Belfast High Court dismisses No Deal Brexit challenge

12 September 2019, 18:03

Belfast High Court dismisses legal challenges to No Deal
Belfast High Court dismisses legal challenges to No Deal. Picture: PA
Nick Hardinges

By Nick Hardinges

A legal challenge in Belfast that claimed Boris Johnson's Brexit strategy will damage the Northern Ireland peace process has been dismissed.

Lord Justice Bernard McCloskey delivered his verdict at Belfast High Court this morning, describing the subject matter of the case as "inherently and unmistakably political to be beyond plausible dispute."

Three separate challenges filed against the government contended that leaving the EU without a deal on 31 October would undermine the Good Friday Agreement.

Victims' campaigner Raymond McCord, whose son was murdered by loyalist paramilitaries in 1997, put forward one of the applications.

He told the judge of his disappointment at the ruling and plans to appeal the decision which could be heard in the Supreme Court next week.

It comes as campaigners bring legal action against Boris Johnson today and his plans to force through no-deal Brexit by ignoring a new Act of Parliament passed by MPs this week.

The government has had mixed fortunes in the UK's courts this week
The government has had mixed fortunes in the UK's courts this week. Picture: PA

Lord Justice McCloskey's written judgement said: ""Virtually all of the assembled evidence belongs to the world of politics, both national and supra-national.

"Within the world of politics the well-recognised phenomena of claim and counterclaim, assertion and counter-assertion, allegation and denial, blow and counter-blow, alteration and modification of government policy, public statements, unpublished deliberations, posturing, strategy and tactics are the very essence of what is both countenanced and permitted in a democratic society."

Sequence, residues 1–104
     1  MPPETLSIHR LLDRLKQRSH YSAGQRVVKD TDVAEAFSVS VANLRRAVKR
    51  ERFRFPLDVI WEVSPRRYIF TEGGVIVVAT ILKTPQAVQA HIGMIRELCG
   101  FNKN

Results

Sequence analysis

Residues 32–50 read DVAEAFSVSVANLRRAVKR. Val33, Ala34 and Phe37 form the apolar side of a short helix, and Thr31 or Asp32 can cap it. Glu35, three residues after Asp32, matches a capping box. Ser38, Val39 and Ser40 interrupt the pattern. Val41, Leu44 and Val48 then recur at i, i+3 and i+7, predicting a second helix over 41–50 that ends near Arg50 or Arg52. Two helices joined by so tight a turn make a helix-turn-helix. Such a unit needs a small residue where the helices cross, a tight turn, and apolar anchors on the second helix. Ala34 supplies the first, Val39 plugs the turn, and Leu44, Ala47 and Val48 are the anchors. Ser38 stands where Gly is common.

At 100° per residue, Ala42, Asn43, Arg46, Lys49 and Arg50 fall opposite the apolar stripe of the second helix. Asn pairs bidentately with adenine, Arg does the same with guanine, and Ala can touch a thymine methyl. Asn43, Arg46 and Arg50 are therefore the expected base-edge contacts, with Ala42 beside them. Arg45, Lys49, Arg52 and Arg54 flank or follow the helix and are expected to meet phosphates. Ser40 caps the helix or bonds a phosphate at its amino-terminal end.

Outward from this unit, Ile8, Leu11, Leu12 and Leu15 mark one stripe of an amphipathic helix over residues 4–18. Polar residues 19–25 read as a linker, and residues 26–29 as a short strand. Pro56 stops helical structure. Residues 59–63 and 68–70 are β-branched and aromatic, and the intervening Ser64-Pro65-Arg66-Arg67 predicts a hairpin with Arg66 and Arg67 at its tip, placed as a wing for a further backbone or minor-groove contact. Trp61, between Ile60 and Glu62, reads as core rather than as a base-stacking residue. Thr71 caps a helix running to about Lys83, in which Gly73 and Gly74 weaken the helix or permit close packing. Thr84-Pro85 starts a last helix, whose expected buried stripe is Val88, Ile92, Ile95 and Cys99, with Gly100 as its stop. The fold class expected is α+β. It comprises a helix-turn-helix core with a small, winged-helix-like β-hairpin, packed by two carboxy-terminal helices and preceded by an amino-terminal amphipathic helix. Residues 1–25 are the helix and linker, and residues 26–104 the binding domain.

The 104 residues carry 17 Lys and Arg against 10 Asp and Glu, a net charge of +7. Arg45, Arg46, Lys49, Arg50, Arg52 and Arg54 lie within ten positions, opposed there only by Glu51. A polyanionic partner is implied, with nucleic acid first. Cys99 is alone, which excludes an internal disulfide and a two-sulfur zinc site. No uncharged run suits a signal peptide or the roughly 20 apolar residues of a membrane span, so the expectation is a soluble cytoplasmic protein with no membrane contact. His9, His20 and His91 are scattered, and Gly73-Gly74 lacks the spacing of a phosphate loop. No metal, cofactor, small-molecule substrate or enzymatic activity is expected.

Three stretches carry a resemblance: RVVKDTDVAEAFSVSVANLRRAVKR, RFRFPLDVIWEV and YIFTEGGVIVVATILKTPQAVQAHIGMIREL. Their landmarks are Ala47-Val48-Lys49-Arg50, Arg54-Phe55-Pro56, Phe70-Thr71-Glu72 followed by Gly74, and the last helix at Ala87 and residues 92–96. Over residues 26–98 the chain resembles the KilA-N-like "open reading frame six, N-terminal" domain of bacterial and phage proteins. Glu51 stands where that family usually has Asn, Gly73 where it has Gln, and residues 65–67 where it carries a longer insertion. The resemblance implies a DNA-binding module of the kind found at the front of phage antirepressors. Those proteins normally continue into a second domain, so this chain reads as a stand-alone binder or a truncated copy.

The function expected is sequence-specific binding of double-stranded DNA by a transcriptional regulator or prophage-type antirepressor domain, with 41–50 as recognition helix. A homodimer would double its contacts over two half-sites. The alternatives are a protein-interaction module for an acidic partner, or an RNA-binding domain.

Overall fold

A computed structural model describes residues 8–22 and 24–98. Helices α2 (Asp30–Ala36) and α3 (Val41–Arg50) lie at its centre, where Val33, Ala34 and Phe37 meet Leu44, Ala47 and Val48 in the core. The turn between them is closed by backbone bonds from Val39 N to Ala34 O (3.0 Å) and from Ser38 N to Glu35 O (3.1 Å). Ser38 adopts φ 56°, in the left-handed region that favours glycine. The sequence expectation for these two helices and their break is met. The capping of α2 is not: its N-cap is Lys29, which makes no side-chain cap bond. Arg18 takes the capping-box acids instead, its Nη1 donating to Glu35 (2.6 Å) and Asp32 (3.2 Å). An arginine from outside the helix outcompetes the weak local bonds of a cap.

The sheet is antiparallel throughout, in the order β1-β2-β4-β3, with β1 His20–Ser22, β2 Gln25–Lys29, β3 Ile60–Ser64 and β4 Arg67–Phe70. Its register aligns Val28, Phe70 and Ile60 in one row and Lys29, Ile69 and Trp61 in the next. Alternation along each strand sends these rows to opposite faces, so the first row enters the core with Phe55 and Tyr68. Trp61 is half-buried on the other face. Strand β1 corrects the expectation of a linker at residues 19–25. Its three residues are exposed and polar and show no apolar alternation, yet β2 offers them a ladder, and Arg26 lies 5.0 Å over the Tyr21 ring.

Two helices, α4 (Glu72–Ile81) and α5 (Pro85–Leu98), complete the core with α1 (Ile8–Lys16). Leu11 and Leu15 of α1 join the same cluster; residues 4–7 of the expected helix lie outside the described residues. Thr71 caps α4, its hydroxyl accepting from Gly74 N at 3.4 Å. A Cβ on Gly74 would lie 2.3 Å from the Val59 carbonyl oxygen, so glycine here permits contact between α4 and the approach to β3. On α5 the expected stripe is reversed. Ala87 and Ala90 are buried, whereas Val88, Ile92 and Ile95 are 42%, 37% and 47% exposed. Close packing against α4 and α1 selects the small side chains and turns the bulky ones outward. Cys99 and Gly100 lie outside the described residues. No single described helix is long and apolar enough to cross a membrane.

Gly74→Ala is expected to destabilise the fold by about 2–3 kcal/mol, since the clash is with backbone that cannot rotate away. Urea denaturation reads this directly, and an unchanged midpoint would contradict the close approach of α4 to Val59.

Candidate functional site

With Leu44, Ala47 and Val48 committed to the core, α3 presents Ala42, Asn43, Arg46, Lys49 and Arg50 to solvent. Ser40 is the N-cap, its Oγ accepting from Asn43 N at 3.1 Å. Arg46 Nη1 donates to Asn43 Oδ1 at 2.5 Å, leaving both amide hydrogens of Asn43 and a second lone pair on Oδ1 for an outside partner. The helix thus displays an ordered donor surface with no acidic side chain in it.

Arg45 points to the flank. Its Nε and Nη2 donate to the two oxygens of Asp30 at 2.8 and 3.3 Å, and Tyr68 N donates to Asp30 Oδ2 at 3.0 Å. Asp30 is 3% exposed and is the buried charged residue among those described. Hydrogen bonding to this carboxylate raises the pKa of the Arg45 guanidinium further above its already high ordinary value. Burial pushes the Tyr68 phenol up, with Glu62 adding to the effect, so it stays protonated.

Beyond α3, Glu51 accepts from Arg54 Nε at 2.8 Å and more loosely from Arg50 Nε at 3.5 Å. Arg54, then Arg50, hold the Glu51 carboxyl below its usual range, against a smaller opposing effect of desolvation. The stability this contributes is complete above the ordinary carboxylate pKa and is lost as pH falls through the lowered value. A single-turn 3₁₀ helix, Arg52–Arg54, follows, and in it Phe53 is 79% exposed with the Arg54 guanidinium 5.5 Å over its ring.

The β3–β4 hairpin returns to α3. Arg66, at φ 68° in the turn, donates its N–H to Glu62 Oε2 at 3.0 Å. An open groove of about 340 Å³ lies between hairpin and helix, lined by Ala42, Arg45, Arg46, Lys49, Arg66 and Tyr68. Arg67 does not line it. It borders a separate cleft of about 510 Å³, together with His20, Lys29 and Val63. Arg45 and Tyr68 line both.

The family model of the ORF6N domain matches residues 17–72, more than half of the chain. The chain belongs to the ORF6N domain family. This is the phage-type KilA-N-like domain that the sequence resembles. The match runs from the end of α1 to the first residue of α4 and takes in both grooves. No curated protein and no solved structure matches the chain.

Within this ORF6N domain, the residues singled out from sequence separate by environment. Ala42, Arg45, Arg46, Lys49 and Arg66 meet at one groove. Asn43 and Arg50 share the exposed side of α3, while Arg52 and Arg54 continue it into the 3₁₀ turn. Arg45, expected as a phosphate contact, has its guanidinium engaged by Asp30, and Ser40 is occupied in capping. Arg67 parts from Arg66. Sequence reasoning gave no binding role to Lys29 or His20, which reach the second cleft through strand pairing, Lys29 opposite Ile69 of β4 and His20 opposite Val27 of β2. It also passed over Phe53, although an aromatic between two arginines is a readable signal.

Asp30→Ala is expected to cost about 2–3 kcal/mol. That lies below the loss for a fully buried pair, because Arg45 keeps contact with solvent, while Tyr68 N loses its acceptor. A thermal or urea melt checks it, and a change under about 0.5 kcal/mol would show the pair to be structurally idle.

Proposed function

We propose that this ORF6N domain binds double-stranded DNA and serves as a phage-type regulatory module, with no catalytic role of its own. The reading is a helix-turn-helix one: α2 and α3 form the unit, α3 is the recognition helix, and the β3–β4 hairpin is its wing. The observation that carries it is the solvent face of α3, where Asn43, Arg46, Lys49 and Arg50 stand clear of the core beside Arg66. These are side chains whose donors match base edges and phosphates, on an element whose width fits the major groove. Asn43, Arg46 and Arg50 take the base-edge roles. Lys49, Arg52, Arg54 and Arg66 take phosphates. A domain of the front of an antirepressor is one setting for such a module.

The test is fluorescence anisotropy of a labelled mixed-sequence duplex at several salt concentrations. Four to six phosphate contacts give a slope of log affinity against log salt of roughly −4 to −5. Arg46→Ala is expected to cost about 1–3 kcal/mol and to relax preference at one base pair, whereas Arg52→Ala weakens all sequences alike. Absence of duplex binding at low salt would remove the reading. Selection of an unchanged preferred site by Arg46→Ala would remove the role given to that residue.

Essentially, the judge decided that the subject matter he was asked to rule on should be dealt with by politicians, not judges.

He also dismissed a challenge against the prorogation of Parliament, citing two previous rulings in English and Scottish courts where the issue of prorogation was the "centrepiece".

Appeals to those cases will be heard by the Supreme Court next week, however because prorogation was not discussed by Lord Justice McCloskey the challenges in Belfast might not have a chance to appeal.

This is because Supreme Court judge Lord Kerr stated that the UK's highest court only intended to hear arguments on the prorogation of Parliament next week.

Mr McCord was disappointed with today's ruling and seeks to appeal the decision
Mr McCord was disappointed with today's ruling and seeks to appeal the decision. Picture: PA

Mr McCord will apply to the Belfast Appeal Court to re-activate his challenge, which could lead to his case being heard in the Supreme Court.

Speaking outside the court, Mr McCord expressed his disappointment.

He said: "They referred to political reasons in the court this morning; I am not a political person, I have no interest in political parties here because they have failed the victims here.

"This is for all the people. This isn't for somebody who votes unionist or nationalist, this is for the benefit of all the people and I am confident this will be brought forward to the Court of Appeal.

"We have three judges sitting there and there's no politics in their mindset. The fight goes on. All being well, we will be sitting in the Supreme Court in London next week."

Earlier this week English courts also declared prorogation a political matter, whereas Scottish courts declared the prime minister's plan to suspend Parliament as unlawful.

The Supreme Court will have the final say on the claims from London, Belfast and Edinburgh together in a three-day hearing next week.

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